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LOGO: Journal of Cotton Science


Rye Residue Levels Affect Suppression of the Southern Root-Knot Nematode in Cotton

Authors: Patricia Timper
Pages: 242-246
Plant Pathology and Nematology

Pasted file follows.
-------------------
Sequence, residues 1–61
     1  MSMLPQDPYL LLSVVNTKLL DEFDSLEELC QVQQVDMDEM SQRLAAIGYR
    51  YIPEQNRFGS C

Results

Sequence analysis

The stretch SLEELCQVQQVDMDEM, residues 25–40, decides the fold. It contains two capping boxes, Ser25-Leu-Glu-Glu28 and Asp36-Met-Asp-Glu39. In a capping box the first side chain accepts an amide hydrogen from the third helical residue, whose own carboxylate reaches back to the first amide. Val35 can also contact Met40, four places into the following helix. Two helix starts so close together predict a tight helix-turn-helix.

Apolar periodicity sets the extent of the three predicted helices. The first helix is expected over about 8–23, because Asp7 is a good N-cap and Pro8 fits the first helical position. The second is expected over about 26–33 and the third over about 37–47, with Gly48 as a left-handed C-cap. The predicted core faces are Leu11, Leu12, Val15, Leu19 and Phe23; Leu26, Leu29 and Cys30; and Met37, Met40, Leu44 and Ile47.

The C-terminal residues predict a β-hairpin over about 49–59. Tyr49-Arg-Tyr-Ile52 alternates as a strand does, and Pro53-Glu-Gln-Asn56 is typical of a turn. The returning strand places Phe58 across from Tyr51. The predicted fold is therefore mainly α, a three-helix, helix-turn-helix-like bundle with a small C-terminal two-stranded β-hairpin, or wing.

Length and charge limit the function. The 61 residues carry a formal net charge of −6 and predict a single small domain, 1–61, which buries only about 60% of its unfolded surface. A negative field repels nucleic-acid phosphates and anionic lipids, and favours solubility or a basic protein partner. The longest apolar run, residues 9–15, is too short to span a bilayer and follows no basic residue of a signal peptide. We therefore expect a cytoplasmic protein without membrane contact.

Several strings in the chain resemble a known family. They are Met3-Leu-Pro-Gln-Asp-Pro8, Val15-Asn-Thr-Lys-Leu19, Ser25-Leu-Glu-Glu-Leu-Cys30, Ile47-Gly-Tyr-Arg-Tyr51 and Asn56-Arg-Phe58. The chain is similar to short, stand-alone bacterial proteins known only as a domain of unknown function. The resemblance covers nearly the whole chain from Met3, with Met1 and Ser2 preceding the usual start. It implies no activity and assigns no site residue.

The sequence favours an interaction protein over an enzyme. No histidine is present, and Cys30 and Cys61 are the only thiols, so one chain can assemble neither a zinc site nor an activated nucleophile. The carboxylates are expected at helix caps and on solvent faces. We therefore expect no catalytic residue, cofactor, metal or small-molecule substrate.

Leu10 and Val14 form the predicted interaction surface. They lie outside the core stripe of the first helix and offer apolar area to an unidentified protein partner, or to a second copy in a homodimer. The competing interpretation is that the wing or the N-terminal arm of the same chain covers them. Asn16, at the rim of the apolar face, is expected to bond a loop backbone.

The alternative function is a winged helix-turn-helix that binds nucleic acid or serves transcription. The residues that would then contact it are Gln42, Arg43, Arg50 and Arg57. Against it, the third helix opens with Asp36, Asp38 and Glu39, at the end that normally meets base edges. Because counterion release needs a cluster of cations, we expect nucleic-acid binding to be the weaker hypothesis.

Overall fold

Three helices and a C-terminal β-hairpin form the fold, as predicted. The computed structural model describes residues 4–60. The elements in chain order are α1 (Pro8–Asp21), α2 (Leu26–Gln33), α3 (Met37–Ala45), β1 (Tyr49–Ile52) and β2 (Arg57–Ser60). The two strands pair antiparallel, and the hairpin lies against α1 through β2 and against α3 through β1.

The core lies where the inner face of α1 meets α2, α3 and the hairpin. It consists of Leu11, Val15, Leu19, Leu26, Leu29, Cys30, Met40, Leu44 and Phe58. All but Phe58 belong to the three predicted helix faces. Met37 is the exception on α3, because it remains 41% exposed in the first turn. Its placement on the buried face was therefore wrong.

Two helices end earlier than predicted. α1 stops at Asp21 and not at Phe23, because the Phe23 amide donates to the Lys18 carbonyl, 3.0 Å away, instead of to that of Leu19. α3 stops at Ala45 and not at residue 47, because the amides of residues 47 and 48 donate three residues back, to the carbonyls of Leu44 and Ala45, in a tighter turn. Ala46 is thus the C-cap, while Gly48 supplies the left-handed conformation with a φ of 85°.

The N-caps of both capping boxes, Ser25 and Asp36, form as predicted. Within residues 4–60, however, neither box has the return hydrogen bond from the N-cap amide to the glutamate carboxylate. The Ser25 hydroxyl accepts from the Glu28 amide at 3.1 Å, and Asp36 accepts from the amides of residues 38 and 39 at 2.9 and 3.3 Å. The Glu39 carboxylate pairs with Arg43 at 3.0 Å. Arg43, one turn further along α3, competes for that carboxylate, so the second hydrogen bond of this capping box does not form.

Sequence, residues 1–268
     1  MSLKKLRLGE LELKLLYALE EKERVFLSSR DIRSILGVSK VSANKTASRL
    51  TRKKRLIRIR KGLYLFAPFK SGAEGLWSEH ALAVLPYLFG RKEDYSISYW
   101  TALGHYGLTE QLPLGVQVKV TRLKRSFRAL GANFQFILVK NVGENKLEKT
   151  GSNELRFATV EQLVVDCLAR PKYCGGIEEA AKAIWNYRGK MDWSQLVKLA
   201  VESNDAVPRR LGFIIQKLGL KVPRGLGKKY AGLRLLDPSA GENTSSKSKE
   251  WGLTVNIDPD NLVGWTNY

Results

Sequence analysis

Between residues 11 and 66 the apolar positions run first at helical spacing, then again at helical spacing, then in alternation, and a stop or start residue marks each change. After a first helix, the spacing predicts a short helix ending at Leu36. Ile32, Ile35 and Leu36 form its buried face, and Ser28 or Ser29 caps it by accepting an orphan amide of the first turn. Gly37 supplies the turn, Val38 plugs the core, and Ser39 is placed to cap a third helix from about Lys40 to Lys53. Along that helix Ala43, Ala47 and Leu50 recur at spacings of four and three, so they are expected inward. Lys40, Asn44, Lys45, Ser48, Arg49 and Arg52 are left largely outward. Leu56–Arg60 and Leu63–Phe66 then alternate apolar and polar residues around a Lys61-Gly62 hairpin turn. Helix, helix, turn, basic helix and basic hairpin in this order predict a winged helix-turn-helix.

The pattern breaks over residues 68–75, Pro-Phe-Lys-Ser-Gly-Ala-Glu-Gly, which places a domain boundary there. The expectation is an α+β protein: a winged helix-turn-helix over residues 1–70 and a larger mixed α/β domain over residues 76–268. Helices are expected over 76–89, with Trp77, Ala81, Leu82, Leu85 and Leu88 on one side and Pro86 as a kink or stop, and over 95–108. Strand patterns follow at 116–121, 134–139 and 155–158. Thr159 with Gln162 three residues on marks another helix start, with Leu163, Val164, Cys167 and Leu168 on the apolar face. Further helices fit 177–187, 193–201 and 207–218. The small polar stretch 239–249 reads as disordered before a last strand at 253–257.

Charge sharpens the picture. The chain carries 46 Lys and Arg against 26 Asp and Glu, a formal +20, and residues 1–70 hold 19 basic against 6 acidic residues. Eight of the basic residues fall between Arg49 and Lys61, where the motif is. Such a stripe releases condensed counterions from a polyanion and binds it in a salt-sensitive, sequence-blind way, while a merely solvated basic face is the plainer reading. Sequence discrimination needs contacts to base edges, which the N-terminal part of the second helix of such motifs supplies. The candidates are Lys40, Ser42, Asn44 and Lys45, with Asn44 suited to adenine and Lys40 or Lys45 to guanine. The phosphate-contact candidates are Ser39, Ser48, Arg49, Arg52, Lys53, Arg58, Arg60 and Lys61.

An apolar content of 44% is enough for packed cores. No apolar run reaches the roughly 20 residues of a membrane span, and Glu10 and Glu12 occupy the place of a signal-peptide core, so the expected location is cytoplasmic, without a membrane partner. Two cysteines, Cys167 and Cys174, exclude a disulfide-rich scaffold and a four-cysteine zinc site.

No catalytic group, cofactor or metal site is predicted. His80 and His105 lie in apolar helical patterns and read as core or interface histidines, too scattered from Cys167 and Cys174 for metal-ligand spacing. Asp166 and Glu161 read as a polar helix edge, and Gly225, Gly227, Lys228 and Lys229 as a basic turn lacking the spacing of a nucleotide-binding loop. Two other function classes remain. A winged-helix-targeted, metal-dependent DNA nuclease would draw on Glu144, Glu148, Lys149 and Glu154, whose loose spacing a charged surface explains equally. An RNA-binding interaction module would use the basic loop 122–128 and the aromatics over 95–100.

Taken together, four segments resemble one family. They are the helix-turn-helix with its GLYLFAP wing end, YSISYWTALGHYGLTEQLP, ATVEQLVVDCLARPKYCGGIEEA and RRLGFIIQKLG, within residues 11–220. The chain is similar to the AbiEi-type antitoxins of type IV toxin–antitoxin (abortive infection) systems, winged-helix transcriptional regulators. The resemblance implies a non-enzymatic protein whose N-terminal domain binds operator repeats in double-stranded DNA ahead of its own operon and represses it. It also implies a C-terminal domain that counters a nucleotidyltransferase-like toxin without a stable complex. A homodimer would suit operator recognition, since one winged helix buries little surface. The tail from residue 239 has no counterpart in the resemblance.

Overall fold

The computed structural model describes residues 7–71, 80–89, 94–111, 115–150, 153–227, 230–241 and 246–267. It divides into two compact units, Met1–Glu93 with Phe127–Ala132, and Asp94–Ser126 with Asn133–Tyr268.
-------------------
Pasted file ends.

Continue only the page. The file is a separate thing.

In the southeastern U.S., rye (Secale cereale) is frequently planted as a winter cover crop in conservation tillage cotton. Although rye produces toxic benzoxazinoid compounds that might play a role in nematode suppression, it is also a host for the southern root-knot nematode Meloidogyne incognita, a major pathogen of cotton in the U.S. The objective of this study was to determine whether a high-residue rye cover crop would reduce populations of M. incognita compared to fallow soil and the standard rye cover crop. The study was conducted in a field infested with M. incognita. The experiment was repeated four times from 2012 to 2015 and was a randomized complete block design with three cover crop treatments (weedy fallow, standard rye, and high-residue rye), each replicated eight times. At mid-season of the cotton crop, nematode numbers in soil were greatest in the standard rye, lowest in the high-residue rye, and intermediate in the fallow treatment. After cotton harvest, standard rye had greater numbers of nematodes in the soil than the other cover-crop treatments. Root galling caused by M. incognita showed a similar trend as the mid-season numbers with the greatest galling in the standard rye and the lowest galling in the high-residue rye treatment. Planting high-residue rye solely for suppression of M. incognita is probably not economical. However, if farmers plant high-residue rye to improve soil structure, moisture retention, and weed control, then they could benefit also from lower populations of M. incognita.